July 12, 2018

In Western Europe, Populist Parties Tap Anti-Establishment Frustration but Have Little Appeal Across Ideological Divide

6. People who hold populist views are less likely to see EU membership bringing economic benefits

A majority of Western Europeans in the eight countries surveyed say membership in the European Union has been a good thing for their nation’s economy. Despite these views, majorities say some EU powers should be returned to national governments.

Those on the left tend to be relatively more pro-EU than those on the right.9 People with populist views have less positive attitudes about the institution’s economic benefits, and more of a desire for some EU powers to be returned.

Most Western Europeans say EU membership has economic benefits

Chart showing that majorities in all countries but Italy say EU membership has been good for the economy.Majorities in every country but Italy say EU membership has benefited their country economically. This sentiment is most widespread in Denmark, Germany, the Netherlands and Spain, where about seven-in-ten or more see EU membership as a good thing.

Italians are split on how EU membership has affected their country: 46% say membership has been good for the economy, while 48% say it has been bad. And nearly one-third (32%) say they strongly feel EU membership has harmed the Italian economy.

In every country surveyed, people who hold populist views are less likely than those in the mainstream to say EU membership has positively impacted their nation’s economy. In half of the countries, Left Populists and Right Populists feel similarly about the institution – despite significant differences among their countries’ Left and Right Mainstream. For example, in the Netherlands, just 52% of Right Populists say the EU has been good for their economy, as do 55% of Left Populists and 59% of Center Populists. Among the mainstream in the Netherlands, much larger majorities see EU membership as an economic positive: 86% of the Left Mainstream, 81% of the Center Mainstream and 75% of the Right Mainstream say EU membership has benefited their national economy.

In most countries – France, Italy, the UK, the Netherlands and Germany – people on the left are more likely than those on the right to see EU membership as a good thing for the economy. For example, in Italy and the UK, Left Mainstream respondents are 22 percentage points more likely than the Right Mainstream to say EU membership has helped their economy. In Spain, however, the left-right pattern is reversed: For example, the Right Mainstream group (78%) is somewhat more likely than the Left Mainstream (70%) to see EU membership as an economic positive.

Charts showing that those with populist views are less likely to say EU has been good for the country’s economy.

Most want some EU powers returned to national governments

Chart showing that most Western Europeans want EU powers returned to national governments.Despite widespread belief in most countries that the EU has benefited national economies, roughly half or more in all countries surveyed say they want some EU powers returned to national governments. Even in Denmark and the Netherlands – countries where broad majorities see economic benefits from the institution – roughly two-thirds say some EU powers should be returned.

The desire for returning EU powers to individual countries is most widespread in the UK, where the national government is currently negotiating an exit from the EU. Nearly three-quarters of Brits (73%) say they want to see some powers returned. Germans and Spaniards are the least likely to favor this type of change (53% and 49%, respectively).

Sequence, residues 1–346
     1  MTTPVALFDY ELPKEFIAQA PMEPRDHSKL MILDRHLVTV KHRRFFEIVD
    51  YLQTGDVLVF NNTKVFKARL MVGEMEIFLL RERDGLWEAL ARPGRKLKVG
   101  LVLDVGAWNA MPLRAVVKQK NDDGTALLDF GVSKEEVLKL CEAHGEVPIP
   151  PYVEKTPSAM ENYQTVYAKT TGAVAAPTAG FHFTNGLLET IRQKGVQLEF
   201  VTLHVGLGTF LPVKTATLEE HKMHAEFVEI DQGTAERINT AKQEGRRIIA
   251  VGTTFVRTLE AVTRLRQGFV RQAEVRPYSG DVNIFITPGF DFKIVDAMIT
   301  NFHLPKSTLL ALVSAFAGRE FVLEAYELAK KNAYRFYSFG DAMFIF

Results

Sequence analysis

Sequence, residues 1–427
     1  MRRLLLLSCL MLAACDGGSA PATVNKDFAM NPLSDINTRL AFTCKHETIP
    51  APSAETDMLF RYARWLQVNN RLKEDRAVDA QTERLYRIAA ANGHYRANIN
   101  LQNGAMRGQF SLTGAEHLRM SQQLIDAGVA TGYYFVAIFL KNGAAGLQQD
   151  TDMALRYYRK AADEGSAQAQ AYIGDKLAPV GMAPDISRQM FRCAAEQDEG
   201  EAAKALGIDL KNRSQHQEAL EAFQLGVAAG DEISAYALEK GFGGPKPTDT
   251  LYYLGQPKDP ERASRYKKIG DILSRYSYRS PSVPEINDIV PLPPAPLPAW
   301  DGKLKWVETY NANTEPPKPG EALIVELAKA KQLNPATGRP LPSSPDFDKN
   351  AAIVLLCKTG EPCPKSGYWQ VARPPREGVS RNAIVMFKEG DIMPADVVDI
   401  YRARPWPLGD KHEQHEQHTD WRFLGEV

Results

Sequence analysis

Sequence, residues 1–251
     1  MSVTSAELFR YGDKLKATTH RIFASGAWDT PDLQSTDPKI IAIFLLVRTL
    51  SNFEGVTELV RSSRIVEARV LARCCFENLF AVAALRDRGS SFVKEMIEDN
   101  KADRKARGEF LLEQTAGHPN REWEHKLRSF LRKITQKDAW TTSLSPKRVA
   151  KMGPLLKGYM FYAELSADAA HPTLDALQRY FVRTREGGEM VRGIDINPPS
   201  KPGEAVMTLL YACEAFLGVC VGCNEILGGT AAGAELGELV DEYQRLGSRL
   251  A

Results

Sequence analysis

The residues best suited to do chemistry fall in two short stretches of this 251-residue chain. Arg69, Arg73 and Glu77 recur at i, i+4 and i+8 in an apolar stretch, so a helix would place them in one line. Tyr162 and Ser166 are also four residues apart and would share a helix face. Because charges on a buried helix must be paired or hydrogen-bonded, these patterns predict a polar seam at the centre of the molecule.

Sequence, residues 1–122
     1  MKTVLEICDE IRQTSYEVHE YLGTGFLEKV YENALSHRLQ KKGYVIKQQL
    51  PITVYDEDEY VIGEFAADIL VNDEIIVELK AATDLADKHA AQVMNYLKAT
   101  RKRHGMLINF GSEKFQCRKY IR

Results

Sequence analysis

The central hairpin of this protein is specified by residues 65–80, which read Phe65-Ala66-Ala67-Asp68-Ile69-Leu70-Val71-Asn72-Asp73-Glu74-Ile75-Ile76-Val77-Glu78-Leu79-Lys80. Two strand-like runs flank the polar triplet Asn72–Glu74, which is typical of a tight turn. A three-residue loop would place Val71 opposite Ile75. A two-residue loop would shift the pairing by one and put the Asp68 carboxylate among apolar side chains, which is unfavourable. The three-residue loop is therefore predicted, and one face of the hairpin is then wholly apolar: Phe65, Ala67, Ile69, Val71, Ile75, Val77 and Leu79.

People who hold populist views are more likely than those in the mainstream to want more national sovereignty in seven of the eight countries surveyed. For example, in France, 68% of Left Populists support EU powers being returned to national governments, compared with 54% of the Left Mainstream; on the right, 76% of Right Populists say the same, versus 61% of the Right Mainstream. The one exception to this pattern is the UK, where populists and mainstream respondents largely agree on this issue.

Ideology also plays a role in how people view the division of powers between the EU and national governments. Across five of the eight countries, those on the ideological right are significantly more likely than those on the left to think that powers should be returned to national governments. For example, British Right Mainstream respondents (82%) are more likely than the Left Mainstream (59%) to want powers returned to their national government.

The three countries where those on the right are not more likely than those on the left to support the return of powers to national governments are France, Spain and Sweden. In France and Sweden, those on both sides of the ideological spectrum largely agree on the issue, while in Spain, the left is more likely than the right to want powers returned. For example, Spain’s Left Mainstream (56%) are more likely than those in the Right Mainstream (40%) to think some EU powers should be returned.

Charts showing that populist groups are somewhat more likely to want EU powers returned to national governments.
  1. Respondents were asked to place themselves on a left-right political ideology scale from 0 to 6, where zero indicates the far left and six indicates the far right. People who answer 0, 1 or 2 on this scale are categorized as being on the left; people who answer 3 are categorized as being in the center; and people who answer 4, 5 or 6 are categorized as being on the right. See Appendix A for details on classification.